CAAF will hear oral argument in the Marine Corps case of United States v. Martin, 15-0754/MC (CAAFlog case page), on Wednesday, April 6, 2016, at 9 a.m., at the Wood Auditorium at the Air Command and Staff College, Maxwell AFB, Alabama. The case presents two issues involving improper human lie detector testimony; the first specified by the court and the second certified by the Judge Advocate General of the Navy:
Specified issue: Whether the Court of Criminal Appeals erred in holding that the human lie detector testimony offered by the alleged victim’s husband was not materially prejudicial.
Certified issue: Did trial defense counsel invite error when he opened the door to human lie detector testimony during the cross-examination of the victim’s husband?
The appellant was convicted contrary to his pleas of not guilty, by a general court-martial composed of officer and enlisted members, of one specification of wrongful sexual contact in violation of Article 120(m) (2006). The members sentenced him to reduction to E-1 and a bad-conduct discharge.
The appellant’s conviction arose from an alleged incident involving a female subordinate (identified as “CRI”) who was also the wife of another Marine. While CRI and her husband slept in a bed at a house party, the appellant allegedly entered the room and penetrated CRI’s vagina with his fingers. CRI awoke to this violation, “felt Appellant’s fingers inside her vagina,” and saw the appellant “kneeling on the floor next to the bed.” Gov’t Br. at 3. She didn’t move for “approximately three to five minutes,” and then rolled away from the appellant and unsuccessfully attempted to wake her husband. Gov’t Br. at 4. She then went to the bathroom and cried, and then returned to the bed and fell back asleep. Gov’t Br. at 4. CRI told her military mentor and her husband about the alleged incident within approximately one week of its occurrence, but no report to law enforcement was made until the mentor made a report approximately one year later. Gov’t Br. at 4-5. An investigation followed that report and the appellant was charged.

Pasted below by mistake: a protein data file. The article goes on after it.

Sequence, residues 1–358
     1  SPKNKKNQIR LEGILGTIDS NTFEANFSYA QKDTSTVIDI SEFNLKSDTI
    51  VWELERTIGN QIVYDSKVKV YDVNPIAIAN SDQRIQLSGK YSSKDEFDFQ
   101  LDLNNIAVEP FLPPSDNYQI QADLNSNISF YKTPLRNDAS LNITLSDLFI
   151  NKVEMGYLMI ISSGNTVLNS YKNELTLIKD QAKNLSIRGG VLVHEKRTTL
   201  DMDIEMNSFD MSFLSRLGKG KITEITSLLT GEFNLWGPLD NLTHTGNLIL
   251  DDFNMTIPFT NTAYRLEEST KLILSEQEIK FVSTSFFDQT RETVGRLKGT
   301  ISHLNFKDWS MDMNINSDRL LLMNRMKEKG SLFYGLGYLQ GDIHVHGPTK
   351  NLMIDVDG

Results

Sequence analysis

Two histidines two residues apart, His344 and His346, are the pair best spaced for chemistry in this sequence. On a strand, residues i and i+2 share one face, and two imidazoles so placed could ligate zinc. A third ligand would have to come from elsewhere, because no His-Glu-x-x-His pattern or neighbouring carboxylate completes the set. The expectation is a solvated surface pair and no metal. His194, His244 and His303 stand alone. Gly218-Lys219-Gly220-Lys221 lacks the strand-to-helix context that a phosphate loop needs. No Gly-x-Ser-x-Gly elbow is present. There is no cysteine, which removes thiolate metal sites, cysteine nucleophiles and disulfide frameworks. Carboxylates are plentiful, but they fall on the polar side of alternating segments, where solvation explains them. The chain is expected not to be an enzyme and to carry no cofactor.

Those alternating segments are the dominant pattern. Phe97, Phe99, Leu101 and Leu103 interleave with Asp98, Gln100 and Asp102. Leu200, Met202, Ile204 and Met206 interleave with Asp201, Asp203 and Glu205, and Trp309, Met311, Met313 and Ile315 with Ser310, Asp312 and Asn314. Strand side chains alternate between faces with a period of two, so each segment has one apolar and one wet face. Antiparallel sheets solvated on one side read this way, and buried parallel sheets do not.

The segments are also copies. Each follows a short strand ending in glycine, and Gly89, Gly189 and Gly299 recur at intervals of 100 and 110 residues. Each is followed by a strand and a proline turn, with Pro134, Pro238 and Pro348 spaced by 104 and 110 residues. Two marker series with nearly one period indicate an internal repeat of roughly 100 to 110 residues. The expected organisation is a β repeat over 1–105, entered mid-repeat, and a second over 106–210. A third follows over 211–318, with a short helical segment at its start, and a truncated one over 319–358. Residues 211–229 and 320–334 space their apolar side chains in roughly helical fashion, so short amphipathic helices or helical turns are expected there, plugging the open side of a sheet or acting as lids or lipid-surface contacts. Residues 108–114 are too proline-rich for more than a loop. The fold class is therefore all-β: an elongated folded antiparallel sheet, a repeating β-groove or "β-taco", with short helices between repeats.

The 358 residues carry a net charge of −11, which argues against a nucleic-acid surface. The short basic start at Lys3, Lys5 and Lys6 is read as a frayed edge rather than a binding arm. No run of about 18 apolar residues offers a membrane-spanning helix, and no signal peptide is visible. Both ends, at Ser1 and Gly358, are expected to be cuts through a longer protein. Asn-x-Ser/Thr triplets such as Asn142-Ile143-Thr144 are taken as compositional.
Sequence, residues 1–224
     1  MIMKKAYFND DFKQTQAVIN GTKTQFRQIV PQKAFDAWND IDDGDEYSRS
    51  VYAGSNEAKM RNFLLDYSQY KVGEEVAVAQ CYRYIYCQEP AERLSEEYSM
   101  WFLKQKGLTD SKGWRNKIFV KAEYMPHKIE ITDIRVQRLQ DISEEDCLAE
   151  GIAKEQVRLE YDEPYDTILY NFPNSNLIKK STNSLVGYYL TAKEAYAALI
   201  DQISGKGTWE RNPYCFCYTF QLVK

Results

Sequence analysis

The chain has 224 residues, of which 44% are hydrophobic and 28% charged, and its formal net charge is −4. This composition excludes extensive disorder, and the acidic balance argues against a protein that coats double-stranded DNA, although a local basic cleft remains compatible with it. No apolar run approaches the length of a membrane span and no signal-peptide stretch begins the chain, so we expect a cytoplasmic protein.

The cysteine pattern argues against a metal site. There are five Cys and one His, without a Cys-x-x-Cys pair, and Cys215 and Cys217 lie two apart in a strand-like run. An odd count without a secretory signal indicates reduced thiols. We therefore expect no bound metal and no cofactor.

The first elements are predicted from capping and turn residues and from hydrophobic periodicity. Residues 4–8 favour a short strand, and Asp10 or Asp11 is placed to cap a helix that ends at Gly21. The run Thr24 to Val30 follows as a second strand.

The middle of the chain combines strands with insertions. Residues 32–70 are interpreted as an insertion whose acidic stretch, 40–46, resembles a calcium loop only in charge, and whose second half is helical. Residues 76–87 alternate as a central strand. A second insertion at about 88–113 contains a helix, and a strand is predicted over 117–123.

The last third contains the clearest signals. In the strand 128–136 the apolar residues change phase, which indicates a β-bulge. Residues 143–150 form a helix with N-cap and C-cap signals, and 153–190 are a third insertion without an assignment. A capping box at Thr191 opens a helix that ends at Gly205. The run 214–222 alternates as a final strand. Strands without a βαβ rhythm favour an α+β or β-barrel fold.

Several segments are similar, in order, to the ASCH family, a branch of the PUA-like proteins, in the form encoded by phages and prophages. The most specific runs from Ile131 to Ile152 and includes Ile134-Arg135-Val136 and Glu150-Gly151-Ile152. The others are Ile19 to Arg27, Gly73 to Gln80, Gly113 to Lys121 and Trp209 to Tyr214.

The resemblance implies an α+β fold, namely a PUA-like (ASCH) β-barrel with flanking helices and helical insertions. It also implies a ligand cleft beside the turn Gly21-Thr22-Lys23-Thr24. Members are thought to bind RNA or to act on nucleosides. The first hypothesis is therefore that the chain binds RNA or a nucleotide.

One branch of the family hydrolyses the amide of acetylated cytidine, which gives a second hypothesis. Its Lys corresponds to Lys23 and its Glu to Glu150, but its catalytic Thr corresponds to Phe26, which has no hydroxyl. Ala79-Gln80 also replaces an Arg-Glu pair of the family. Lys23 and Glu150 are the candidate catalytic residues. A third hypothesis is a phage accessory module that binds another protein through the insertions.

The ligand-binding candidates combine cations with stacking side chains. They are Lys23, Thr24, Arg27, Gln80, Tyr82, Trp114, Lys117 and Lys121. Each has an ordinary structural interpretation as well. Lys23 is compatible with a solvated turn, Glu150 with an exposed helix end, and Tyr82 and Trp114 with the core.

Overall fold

The appellant’s trial strategy was to attack CRI’s credibility and assert that her allegation was fabricated. This strategy was supported by the fact that CRI’s husband initially disbelieved her allegation, with the husband going so far as to initially believe that he was the one who touched her (if anyone had touched her). The husband testified at trial and was asked by both sides to opine about the truth of his wife’s allegation. He testified about his initial disbelief but that his opinion changed based on his wife’s conduct. Neither side objected to this improper human lie detector testimony, and the NMCCA found that it was plain error for the military judge to admit it. However, the CCA found no prejudice from this error based on four factors: (1) other testimony that CRI was an untruthful person; (2) the likely negligible impact of a husband’s testimony that he believes his wife; (3) the defense role in the error and failure to request a curative instruction, and; (4) the (standard form) instructions ultimately provided to the members. United States v. Martin, No. 201400315, slip op. at 9 (N-M. Ct. Crim. App. Jun. 18, 2015).
CAAF then granted review of the specified issue (questioning the CCA’s finding of harmlessness). The JAG subsequently certified the invited error issue; a certification that I discussed here as strange because the CCA’s opinion specifically noted the defense’s role in the husband’s improper commentary on the truthfulness of his wife’s allegation against the appellant.
The briefs suggest that next week’s oral argument will be lively. While the appellant largely focuses on the centrality of CRI’s credibility to the prosecution’s case, the Government disputes that the trial counsel elicited human lie detector testimony from the husband on direct examination. Instead, the Government makes the incredible assertion that the husband’s direct testimony about her wife’s conduct after the alleged assault was merely the husband’s admissible lay opinion that he could not have touched his wife on the night in question.